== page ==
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The Land of Make-Believe

Fantasy play is your preschooler's safe arena to learn about life -- and work things out.

by JoAnne Solchany, R.N., Ph.D.

Four-year-old Sarah is hosting a tea party. Dolls and stuffed animals sit with her. As she pours imaginary tea and passes around imaginary cookies for her guests, she says, "I'm happy my birthmommy is here with me and my mommy and my sister. I like parties, don't you?" She says to her birthmom, "Mommy loves parties, too. She is nice and makes cookies."

Play is the work of children. In its many forms, it helps them understand their world. Perhaps the most important type of play for preschoolers is fantasy or pretend-play. Pretending helps children practice everyday things, as when they play house. It reinforces that safe feeling of home and family, and allows children to take on different roles -- parent, sibling, even the dog.

Pretend-play can also be a path to healing, letting children release feelings of fear and sadness. By enacting a troubling scenario, they can make sense of the event, move through their feelings, and take control. For the preschooler who was adopted, common play themes may include joining her family, fear of being taken away, having babies, or battles of "good mommies" versus "bad mommies." Observing such scenes, you may wonder if your child is having a hard time. Rest easy -- this type of play is healthy and healing. Here's what you'll notice, age by age:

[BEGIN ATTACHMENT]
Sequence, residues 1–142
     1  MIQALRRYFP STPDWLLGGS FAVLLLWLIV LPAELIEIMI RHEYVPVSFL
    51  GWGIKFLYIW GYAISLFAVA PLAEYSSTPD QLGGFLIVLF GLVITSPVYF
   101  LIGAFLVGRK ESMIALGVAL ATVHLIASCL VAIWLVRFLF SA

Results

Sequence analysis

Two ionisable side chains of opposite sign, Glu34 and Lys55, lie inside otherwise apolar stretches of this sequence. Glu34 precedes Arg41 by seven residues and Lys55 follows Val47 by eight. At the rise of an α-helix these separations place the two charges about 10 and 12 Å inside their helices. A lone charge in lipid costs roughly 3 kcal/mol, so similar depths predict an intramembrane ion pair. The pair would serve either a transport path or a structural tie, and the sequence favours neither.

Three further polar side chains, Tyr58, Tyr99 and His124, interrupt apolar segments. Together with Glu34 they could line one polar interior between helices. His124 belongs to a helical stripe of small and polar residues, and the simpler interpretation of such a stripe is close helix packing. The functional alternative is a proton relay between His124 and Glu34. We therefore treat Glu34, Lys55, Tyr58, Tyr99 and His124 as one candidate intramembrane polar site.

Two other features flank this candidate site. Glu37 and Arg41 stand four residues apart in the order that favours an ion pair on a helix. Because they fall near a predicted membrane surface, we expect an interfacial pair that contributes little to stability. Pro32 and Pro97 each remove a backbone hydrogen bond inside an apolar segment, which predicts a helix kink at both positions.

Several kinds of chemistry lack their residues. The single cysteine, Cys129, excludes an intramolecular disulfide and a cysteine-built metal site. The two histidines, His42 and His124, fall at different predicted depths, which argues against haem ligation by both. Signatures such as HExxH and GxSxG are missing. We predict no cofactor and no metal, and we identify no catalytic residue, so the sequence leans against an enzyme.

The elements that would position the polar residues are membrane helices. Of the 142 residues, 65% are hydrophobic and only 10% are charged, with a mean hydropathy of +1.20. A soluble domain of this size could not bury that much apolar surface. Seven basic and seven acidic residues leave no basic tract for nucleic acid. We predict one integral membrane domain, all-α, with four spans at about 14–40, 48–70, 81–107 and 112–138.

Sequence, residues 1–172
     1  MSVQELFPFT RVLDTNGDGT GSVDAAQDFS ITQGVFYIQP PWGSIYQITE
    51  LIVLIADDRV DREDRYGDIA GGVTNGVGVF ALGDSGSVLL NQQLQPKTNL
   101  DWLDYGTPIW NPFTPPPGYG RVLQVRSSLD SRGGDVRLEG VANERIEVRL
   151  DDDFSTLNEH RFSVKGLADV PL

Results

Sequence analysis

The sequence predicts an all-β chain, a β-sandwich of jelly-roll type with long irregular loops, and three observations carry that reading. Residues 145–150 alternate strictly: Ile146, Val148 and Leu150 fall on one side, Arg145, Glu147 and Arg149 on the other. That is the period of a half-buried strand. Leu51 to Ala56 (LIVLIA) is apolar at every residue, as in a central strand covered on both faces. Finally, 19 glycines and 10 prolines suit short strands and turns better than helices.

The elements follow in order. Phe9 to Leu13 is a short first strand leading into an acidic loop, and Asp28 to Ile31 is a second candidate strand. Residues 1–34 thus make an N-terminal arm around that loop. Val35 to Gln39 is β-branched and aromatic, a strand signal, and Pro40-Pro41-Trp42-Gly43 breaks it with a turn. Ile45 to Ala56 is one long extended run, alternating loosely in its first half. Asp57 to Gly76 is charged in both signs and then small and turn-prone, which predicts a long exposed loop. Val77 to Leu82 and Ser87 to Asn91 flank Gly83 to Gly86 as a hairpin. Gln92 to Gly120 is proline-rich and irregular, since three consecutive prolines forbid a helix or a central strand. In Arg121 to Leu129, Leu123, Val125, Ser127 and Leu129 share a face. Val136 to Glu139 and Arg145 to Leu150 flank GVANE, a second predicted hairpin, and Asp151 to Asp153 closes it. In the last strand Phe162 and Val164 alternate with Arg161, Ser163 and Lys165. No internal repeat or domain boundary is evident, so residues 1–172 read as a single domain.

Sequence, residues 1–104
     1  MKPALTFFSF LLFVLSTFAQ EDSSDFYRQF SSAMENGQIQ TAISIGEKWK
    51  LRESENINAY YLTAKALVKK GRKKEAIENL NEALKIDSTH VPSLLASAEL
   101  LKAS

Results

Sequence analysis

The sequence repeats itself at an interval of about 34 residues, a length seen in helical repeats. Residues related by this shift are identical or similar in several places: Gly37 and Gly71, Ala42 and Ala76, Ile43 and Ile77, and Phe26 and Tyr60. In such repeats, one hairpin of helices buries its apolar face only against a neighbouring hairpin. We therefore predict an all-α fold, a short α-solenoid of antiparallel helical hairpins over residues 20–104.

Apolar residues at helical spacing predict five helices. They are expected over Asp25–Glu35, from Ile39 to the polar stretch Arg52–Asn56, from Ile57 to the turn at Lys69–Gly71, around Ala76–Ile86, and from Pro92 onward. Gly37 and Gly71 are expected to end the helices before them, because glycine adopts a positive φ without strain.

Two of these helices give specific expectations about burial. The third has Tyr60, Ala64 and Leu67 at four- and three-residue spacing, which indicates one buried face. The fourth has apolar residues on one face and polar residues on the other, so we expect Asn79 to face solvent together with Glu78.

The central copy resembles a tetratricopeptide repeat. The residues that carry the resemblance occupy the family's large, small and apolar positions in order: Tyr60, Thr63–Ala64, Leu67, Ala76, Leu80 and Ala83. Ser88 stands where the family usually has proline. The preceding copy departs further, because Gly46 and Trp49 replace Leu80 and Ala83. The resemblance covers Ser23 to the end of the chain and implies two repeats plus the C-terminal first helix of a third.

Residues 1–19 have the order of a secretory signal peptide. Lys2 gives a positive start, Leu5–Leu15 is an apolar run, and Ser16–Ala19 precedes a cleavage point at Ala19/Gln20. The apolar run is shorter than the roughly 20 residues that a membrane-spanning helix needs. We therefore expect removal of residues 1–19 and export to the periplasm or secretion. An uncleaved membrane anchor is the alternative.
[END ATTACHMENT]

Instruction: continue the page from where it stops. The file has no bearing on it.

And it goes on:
By age 2, experimentation at pretending begins. Basic needs and normal activities, such as feeding babies or driving cars, are common themes.

At age 3, children begin to link pieces of a story together, problem-solve, and make plans. Play expands to feeding the baby, putting her to bed, hearing her cry, and soothing her -- mimicking real life. Games like "I'm gonna get you" afford rapid shifts between being the "monster" and being oneself. These games also help children experience the anticipation of intense emotion and learn impulse control in a safe setting.

By age 4, pretend-play becomes more complex, yet more literal. Feelings, ideas, wishes, and fears become more apparent. Themes in play may last longer -- playing "house" for a week or a "school" for a month. While themes remain constant, the roles, dialogue, and outcomes change and develop.

Parents may be tempted to "make it all better" by intruding on play, trying to take away hurtful thoughts or feelings -- or the play itself. But we need to encourage these games and follow our child's lead. The child who plays out his fear of being abandoned and creates his own endings will be more in control and better able to cope with everyday separations. Working through feelings in pretend-play makes it less likely that they will intrude on real life.

Dr. JoAnne Solchany is an assistant professor of nursing at the University of Washington in Seattle.

Photo: Aubrey (3, U.S. foster) hugs the first doll she's ever had.


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